The project(s) should also identify, create and disseminate best-practice examples for end-users (e.g. farmers and other land managers, decision-makers, water management authorities, landscape planners) to ensure landscape water retention capacity in the long term, including soil water retention capacity, with a view to boosting resilience to climate change, preventing biodiversity loss and promoting at the same time socio-economic transition processes in an ecosystem-based and circular economy perspective, and promote those best practices among the end users.
The demonstration sites established within the project(s) funded under this topic could qualify as “lighthouses” in the sense of the Mission A Soil Deal for Europe if and when they comply with the criteria laid down in the Implementation Plan of that Mission.
Proposals should both:
As a mechanism to provide knowledge transfer and technical assistance to the associated regions, the selected project should provide support to third parties in the form of grants. The maximum amount of the envisaged Financial Support to Third Parties is EUR 100 000 per third party for the entire duration of the action. Proposals should outline the process for selection of the third parties to which financial support would be granted, based on the principles of transparency, objectivity and fairness.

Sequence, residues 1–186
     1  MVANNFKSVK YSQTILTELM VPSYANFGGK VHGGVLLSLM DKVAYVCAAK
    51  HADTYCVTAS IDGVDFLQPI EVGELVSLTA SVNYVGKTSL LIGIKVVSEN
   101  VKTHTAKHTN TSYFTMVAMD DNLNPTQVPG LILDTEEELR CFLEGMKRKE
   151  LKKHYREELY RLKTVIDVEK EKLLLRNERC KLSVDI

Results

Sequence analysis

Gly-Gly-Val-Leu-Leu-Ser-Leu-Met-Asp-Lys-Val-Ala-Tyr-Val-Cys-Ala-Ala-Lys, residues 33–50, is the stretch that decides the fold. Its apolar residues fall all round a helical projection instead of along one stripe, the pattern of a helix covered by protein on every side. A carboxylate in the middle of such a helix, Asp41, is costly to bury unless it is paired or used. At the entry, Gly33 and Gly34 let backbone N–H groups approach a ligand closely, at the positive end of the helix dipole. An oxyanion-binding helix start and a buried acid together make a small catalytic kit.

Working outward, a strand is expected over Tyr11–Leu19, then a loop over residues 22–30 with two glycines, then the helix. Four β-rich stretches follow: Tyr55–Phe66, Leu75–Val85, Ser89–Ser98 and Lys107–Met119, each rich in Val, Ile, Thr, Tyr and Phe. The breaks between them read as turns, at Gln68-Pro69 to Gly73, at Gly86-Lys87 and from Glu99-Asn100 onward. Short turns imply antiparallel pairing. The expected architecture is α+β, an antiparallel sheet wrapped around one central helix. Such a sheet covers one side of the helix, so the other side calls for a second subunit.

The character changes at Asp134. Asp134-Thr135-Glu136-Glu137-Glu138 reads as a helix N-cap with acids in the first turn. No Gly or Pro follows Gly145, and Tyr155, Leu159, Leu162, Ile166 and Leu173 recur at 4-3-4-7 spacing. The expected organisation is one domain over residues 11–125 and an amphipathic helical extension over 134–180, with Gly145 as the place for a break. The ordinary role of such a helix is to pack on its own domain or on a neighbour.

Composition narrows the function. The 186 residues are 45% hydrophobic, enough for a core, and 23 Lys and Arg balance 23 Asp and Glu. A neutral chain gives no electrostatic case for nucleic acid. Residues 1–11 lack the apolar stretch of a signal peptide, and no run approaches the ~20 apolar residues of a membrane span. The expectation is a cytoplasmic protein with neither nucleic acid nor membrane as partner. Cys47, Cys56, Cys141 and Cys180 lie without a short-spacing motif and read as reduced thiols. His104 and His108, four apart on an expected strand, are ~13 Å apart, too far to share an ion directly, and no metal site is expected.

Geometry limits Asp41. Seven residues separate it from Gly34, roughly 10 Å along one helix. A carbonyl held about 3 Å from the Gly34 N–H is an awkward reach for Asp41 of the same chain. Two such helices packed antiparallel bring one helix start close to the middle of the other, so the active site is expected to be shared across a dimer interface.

The project(s) funded under this topic should address all the below points:
To be eligible for funding, applicants must be established in one of the following countries:
See the full list in the General Annexes.
Unless otherwise provided for in the specific call conditions, only legal entities forming a consortium are eligible to participate in actions provided that the consortium includes, as beneficiaries, three legal entities independent from each other and each established in a different country as follows:
The total indicative budget for the topic is EUR 15.00 million.
The Commission estimates that an EU contribution of around EUR 15.00 million would allow these outcomes to be addressed appropriately.